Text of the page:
This post is important!
One of my girls at camp had a pain-induced panic attack during lunchtime and if it weren’t for posts like this that I see on Tumblr, I might have done something wrong or not known what to do. But because I’d read posts like these, I was able to keep her calm enough that the camp nurse could get her medication to help her and take over when I had to leave to take care of the rest of my cabin.

nothing-rhymes-with-grantaire:

perspicious:

WHAT YOU SHOULD DO:
    
  1. Stay with us and keep calm.
    The last thing we need when we’re panicking, is to have someone else panicking with us.

  2. Offer medicine if we usually take it during an attack.
    You might have to ask whether or not we take medicine- heck, some might not; but please, ask. It really helps.

  3. Move us to a quiet place.
    We need time to think, to breathe. Being surrounded by people isn’t going to help.

  4. Don’t make assumptions about what we need. Ask.
    We’ll tell you what we need. Sometimes; you may have to ask- but never assume.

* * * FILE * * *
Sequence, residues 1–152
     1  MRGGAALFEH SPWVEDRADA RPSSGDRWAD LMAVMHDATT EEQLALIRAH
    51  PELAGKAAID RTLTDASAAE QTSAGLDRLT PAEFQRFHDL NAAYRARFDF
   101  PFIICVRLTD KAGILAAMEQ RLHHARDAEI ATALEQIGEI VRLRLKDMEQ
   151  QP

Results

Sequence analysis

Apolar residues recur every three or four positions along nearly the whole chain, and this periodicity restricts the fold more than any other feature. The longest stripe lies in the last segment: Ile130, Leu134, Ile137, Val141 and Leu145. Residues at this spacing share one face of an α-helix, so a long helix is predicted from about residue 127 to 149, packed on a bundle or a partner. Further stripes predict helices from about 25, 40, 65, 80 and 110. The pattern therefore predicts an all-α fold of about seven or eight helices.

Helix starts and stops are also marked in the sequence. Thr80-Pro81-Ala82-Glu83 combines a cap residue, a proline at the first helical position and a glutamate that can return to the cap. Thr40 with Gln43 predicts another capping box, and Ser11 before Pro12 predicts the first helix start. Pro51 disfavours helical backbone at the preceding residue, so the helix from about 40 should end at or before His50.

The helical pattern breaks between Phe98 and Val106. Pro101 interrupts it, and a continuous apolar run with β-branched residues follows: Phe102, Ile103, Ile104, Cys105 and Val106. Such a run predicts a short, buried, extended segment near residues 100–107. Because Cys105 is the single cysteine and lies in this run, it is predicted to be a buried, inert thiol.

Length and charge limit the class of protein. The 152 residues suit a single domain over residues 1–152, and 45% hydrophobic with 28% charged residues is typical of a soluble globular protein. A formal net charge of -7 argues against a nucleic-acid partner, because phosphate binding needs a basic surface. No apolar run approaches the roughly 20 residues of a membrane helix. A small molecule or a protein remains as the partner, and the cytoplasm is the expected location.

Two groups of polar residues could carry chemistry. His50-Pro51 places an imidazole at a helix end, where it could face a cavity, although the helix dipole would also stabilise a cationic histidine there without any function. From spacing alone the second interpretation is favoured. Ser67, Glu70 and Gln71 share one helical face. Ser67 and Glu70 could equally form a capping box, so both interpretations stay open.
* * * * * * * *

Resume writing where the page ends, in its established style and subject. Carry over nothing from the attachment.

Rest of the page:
5. Speak to us in short, simple sentences.

  6. Be predictable. Avoid surprises.

  7. Help slow our breathing by breathing us or by counting slowly to 10.
    As odd as it sounds, it works.
                                                                                                                 
WHAT YOU SHOULDN’T DO:

1. Say, “You have nothing to be panicked about.”
We know. We know. We know. And because we know we have nothing to be panicked about, we panic even more. When I realize that my anxiety is unfounded, I panic even more because then I feel like I’m not in touch with reality. It’s unsettling. Scary.

Most of the time, a panic attack is irrational. Sometimes they stem from circumstances — a certain couch triggers a bad memory or being on an airplane makes you claustrophobic or a break up causes you to flip your lid — but mostly, the reasons I’m panicking are complex, hard to articulate or simply, unknown. I could tell myself all day that I have no reason to be having a panic attack and I would still be panicking. Sometimes, because I’m a perfectionist, I become even more overwhelmed when I think my behaviour is “unacceptable” (as I often believe it is when I’m panicking). I know it’s all in my mind, but my mind can be a pretty dark and scary place when it gets going.

Alternate suggestion: Say, “I understand you’re upset. It is okay. You have a right to be upset and I am here to help.”


2. Say, “Calm down.”